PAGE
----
It’s hard for me to get really excited about this one but at the same time it’s pretty hard to deny just how gorgeous it actually is. Liz has established her meta now, she knows exactly where she’s at and how to get the most out of her music; sure, whatever, it’s a sound that we’ve pretty much all heard before but, the way that it’s executed and the honesty and intimacy of the production and vocals makes this just a little bit special. Fans of hers are almost certainly going to enjoy the continuity and the consistency displayed here but I think this is a rather touching and affecting release that can be enjoyed by those who listen to Singer/Songwriters or Ambient with even only passing interest.

Julie Fowlis – Biodh an Deoch Seo ‘n Laimh Mo Ruin (Single, 2007)

Writing is hard, I think people don’t give it the credit it deserves. It takes a conscious, physical effort for me to produce these reviews, to make sure I don’t cripple the grammar and keep them informative as well as concise, but not dry and turgid. Peculiarly enough, I find it the hardest to write about the music I like the most; trying to assign words to emotions is the most challenging aspect of any review and I frequently default to waffling in order to compensate as I aimlessly focus on every minute detail in panic. It’s for that reason that I try to avoid talking about works like Biodh an Deoch because I’m terrified that I’ll completely fail to vocalise my thoughts and not inspire anyone to listen to, what is almost unquestionably, one of my favourite tracks of all time. A year ago almost to the day was the first time I heard this track and fell in love; since then, last.fm tells me I’ve scrobbled it some 25o times, so the reality is I’ve probably listened to this one track maybe around 350 times in the last 12 months, which is a pretty scary thought in all honesty. It seems strange to me that of all things this would be the track that I would love above all others, but in many ways I suppose it makes perfect sense.

Whilst not strictly a single, it appeared on Julie’s 2007 debut LP Mar A Tha Mo Chridhe, or “As My Heart Is”, a record sung entirely in Scottish Gaelic and comprised of classic Scottish folk songs and melodies but with a certain, more modern, twist to them. All of her albums are the same, and she has recently released a new album just this year called Gach Sgeul that I would heartily recommend, but I digress. Biodh an Deoch, or The Drink Would Be In My Love’s Hand, is a really beautiful, earnest little number. Comprised of only eight, two line verses it’s a remarkably simple and straightforward song filled with wist and longing, talking of the distance and separation between her and her love, of his safe passage and ultimate return, of wishing to be by his side again.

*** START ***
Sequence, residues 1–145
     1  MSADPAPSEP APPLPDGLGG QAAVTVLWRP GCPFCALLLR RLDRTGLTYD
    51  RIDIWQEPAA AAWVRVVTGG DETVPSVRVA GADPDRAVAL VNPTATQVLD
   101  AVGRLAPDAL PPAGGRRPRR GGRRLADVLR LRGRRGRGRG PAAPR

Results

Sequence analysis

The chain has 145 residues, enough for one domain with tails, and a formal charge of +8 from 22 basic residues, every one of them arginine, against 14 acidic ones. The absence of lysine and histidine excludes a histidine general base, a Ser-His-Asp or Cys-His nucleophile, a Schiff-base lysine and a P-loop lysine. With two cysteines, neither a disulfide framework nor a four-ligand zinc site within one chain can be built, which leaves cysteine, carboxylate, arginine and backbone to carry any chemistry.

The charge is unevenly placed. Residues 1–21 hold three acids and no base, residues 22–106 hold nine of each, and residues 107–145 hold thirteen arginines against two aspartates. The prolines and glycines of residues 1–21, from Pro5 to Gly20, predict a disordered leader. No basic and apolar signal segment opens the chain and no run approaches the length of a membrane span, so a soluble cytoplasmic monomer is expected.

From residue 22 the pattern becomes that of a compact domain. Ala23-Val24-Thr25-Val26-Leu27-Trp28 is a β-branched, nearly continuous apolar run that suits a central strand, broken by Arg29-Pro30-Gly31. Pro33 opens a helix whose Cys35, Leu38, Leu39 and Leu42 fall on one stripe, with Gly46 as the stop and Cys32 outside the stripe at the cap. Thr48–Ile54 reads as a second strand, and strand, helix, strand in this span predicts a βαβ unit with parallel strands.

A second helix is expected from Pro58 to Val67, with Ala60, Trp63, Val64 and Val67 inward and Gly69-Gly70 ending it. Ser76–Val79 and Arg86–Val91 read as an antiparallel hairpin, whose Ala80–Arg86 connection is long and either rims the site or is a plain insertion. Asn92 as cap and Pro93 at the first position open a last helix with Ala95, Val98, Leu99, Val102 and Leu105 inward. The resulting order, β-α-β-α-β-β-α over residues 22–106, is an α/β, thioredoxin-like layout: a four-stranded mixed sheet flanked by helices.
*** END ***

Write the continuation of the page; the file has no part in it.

The studio version is remarkably pared back instrumentally; employing only the acoustic guitar and bouzaki alongside Julie’s voice, they keep the track straightforward and intimate, being propulsive when necessary but knowing exactly when to dial things down in the more emotionally crucial moments. It’s this subtle and intelligent instrumentation coupled with Julie’s expressive voice that I think make this piece so powerful, even to the non-Gaelic speakers, of which there are many. It’s perfectly clear in the final two verses that there is a shift in the seriousness of the lyrics, and a cursory glance at a translated version proves the point;